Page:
It’s hot in Siberia

Russia’s Siberian tundra has, in some places, been 10º F hotter than normal so far this summer.

Which is bringing back to life long-dormant bacteria – including Bacillus anthracis, which causes anthrax, caused by coming into contact with the bacteria’s spores.

Anthrax is highly infectious and, although there are vaccines and early treatment with antibotics is generally successful, it’s frequently deadly for animals. About 2,500 reindeer have now died in Siberia.

So too has a boy and his grandmother, after eating infected venison.

Coming under suspicion for spreading the bacteria spores is an old Nenets cemetery, 40 kilometres from the current centre of the infection. The Nenets traditionally dispose of their dead by putting them in a wooden box on an open hill. But it’s also the case that many long-dead anthrax-infected reindeer carcases are starting to surface.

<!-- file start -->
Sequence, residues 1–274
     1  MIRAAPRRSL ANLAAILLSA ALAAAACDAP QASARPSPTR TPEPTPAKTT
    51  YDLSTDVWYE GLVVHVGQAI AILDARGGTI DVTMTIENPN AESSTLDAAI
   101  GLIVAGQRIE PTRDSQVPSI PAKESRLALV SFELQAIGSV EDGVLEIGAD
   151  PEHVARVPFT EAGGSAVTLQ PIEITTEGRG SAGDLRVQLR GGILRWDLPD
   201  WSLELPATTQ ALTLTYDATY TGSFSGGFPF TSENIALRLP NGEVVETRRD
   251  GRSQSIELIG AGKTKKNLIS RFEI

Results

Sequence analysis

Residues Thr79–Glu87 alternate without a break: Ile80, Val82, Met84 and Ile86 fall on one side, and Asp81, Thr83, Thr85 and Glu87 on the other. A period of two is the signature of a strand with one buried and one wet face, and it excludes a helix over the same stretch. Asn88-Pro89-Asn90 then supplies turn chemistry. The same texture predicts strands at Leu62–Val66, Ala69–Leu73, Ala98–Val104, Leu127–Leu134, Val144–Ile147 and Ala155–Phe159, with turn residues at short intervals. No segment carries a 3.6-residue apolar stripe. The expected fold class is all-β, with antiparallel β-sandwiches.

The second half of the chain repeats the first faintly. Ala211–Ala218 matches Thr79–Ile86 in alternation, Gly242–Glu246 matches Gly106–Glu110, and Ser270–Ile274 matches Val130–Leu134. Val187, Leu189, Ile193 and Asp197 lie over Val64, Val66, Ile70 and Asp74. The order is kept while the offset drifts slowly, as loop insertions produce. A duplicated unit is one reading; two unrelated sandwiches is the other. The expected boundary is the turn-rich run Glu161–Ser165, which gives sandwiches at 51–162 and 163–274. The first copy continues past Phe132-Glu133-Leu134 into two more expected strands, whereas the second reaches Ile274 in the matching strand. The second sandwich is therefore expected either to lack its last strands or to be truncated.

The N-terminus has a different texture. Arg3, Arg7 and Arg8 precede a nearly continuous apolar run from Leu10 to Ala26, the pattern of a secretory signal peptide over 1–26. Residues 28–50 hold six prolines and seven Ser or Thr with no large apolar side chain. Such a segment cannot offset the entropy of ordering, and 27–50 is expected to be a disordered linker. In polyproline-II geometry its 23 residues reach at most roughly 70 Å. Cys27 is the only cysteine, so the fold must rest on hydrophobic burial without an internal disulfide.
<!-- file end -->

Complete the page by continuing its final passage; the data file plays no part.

In 1979 there was an accidental release of anthrax at Sverdlovsk in the former Soviet Union. This leaked from a microbiology laboratory, causing the deaths of many reindeer, and also thought to be responsible for at least 66 human deaths.


Picture source: Ansgar Walk via Wikimedia Commons